We recorded physiographic variables for each transect. The elevation
of each transect above the mineral substrate was determined using a
surveying transit. We used the change in elevation and a plumb-bob inclinometer
to measure the percent slope of the ground within 1 m on either
side of the transect. We organized each of the three transects on each dune
along a radius line from the center of the dune to its periphery. This radius
had a random azimuth, so that we could investigate the influence of
aspect on plant assemblage and environmental conditions. Since aspect/
azimuth is recorded in degrees, a circular measurement, we converted it
to two linear variables, eastness and northness, using the sine and cosine
of the azimuth, respectively.
For the purpose of summarizing most environmental variables, we calculated
the mean ± 1 S.D. per assemblage type and tested for differences
between assemblages using parametric tests, i.e., ANOVA and ANCOVA.
Based on our first two hypotheses, it was important to account for the effect
of water-table depth on edaphic characteristics. We therefore tested
for assemblage effects (marsh vs. shrub vs. summit) on mean levels of
soil nutrients and other edaphic variables using mean water-table position
as a covariate in a one-way ANCOVA. We did not include dune identity as
a factor or block in the model since doing so reduced the residual degrees
of freedom too low for water-table position to be included as a covariate.
478 Northeastern Naturalist Vol. 17, No. 3
In a separate set of ANOVAs, however, in which pimple-dune identity was
included with assemblage in a full-factorial model, only three variables
exhibited a significant assemblage effect: potassium, potassium saturation,
and ammonium concentrations (see Results). We used repeated-measures
ANOVA to test for an assemblage effect on water table level and ANOVA to
test for differences in geomorphological variables; as with the edaphic variable
tests, we did not include a dune effect in the model.
To summarize the distribution of plant species among the assemblage
types, we calculated the annual mean species abundance along each transect.
If possible, we used ANOVA to determine if species distributions were influenced by the assemblage type. However, many species were not common
enough to use ANOVA to test whether assemblage type was significantly
related to their distribution. For the same reason, we could not examine the
influence of water-table level on most species distributions using ANCOVA
or linear regression. We therefore chose an alternate statistical method for
analyzing species distributions and environmental variables.
We primarily designed this study for analysis by ordination methods, because
typical parametric tests are not robust for data sets with many zeroes,
nor do they have the ability to evaluate relationships between all species
and environmental gradients simultaneously (McCune and Mefford 1999,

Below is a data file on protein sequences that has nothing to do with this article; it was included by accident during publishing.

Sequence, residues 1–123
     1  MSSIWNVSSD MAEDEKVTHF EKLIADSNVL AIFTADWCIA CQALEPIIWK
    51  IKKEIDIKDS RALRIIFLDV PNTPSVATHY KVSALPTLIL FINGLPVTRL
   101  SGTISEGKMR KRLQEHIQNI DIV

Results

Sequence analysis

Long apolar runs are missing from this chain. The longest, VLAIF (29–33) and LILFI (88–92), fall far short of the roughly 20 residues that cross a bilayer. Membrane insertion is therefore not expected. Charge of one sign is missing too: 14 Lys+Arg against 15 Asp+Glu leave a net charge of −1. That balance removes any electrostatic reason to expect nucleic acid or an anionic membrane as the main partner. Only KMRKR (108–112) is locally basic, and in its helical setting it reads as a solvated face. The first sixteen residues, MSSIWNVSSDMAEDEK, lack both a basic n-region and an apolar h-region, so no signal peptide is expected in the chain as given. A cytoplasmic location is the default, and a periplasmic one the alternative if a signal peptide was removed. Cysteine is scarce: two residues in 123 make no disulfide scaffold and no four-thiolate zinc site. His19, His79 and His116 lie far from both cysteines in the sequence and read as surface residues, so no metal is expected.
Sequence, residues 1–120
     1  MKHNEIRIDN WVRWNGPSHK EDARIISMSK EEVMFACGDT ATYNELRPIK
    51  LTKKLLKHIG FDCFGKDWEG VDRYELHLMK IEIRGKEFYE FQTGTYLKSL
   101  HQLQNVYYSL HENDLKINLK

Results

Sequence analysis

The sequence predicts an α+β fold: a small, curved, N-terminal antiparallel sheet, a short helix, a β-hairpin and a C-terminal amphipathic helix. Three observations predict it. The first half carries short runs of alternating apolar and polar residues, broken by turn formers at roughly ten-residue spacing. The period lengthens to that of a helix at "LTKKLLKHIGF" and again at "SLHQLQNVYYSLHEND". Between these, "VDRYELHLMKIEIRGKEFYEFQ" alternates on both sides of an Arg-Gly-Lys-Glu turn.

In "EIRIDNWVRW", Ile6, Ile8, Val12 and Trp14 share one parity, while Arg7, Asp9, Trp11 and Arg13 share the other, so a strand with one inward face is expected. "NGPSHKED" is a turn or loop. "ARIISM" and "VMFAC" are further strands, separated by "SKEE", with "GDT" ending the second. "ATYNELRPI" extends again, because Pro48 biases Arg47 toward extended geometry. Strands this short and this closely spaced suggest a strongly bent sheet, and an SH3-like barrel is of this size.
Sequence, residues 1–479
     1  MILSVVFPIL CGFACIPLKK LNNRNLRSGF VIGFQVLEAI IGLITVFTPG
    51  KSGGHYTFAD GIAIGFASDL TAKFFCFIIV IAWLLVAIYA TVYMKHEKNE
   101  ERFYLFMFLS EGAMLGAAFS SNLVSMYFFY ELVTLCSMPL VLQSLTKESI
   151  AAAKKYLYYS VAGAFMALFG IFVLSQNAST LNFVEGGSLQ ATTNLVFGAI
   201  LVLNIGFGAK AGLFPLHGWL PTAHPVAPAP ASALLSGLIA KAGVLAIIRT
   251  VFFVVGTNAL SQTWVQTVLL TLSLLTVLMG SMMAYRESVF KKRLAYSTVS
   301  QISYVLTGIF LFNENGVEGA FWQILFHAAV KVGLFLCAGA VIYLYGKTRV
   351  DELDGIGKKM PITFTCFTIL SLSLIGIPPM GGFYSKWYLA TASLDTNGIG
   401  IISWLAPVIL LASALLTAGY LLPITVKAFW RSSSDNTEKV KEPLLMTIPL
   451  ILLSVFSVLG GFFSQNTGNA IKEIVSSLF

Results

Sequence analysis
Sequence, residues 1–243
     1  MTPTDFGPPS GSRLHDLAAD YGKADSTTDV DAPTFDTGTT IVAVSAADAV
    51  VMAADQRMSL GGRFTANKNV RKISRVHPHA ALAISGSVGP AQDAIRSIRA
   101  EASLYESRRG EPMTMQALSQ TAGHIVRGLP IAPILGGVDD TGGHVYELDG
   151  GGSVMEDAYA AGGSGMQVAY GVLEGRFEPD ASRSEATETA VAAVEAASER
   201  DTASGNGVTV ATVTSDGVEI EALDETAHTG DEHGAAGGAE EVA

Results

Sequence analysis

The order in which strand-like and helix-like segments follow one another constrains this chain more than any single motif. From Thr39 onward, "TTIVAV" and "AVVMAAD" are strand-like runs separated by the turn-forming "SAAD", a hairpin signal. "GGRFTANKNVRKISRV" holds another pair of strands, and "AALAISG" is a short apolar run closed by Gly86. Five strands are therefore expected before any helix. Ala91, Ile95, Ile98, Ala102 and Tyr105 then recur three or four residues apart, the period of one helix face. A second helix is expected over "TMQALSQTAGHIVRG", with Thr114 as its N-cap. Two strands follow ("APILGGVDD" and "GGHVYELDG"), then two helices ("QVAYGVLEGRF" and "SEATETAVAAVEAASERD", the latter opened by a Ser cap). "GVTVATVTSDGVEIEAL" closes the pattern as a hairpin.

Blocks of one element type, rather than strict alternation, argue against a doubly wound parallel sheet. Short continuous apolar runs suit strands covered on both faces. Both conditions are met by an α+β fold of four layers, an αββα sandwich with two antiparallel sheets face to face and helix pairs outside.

Pausas and Austin 2001, ter Braak 1986). Moreover, the primary goal of
ordination methods is to collapse a multivariate data set into fewer variables
so that patterns are more easily discernable (Palmer 2010).
Canonical correspondence analysis (CCA) is an ordination method
expressly designed to relate assemblage composition (i.e., combinations
of species abundances) to environmental factors (Kent and Ballard 1988,
Kourtev et al. 1998). The test creates regression relationships between all
variables in the species and environmental matrices. Those regression relationships
in turn are used in different combinations to produce mutually
orthogonal axes that explain a portion of the total variation between transects
or species (Gauch 1982, Kent and Ballard 1988). By convention, the axes are
ordered by the percentage of variation in the data that they explain; typically,
the amount of variation explained by each successive axis decreases rapidly,
so only the first two or three axes are usually examined for patterns (McCune
and Mefford 1999, Palmer 2010).
Plotting species or transects along a CCA axis creates a spatial representation
of statistical similarity or relatedness. For example, in an ordination
of transects, each transect is assigned a coordinate on the first axis, based
on both relative proportions of species and environmental variables. The numeric
distances between specific plant asemblages are measures of similarity
or relatedness between them. Assemblages farthest apart on the axis are the
most different. For that same axis, each environmental factor and species
also has a coordinate that can be thought of as a vector and represents the
relative contribution of that factor or species to the explanatory value of the
axis. Often, there will be groups of sample units (transects, in this example),
2010 B.A. McMillan and F.P. Day 479
whose connection may be surmised from the factors or species important to
the axis. Although the second axis was created using the same environmental
and species data as the first axis, it represents different combinations of
those data and is not correlated with the first. To tease out differences among
groups on the first axis, they may be plotted in a two-dimensional space using
the second axis.
We used two post-hoc tests from the CCAs to test our hypotheses. Monte-
Carlo resampling tests determine whether axes significantly described linear,
non-random relationships within the data matrices—i.e., whether CCAderived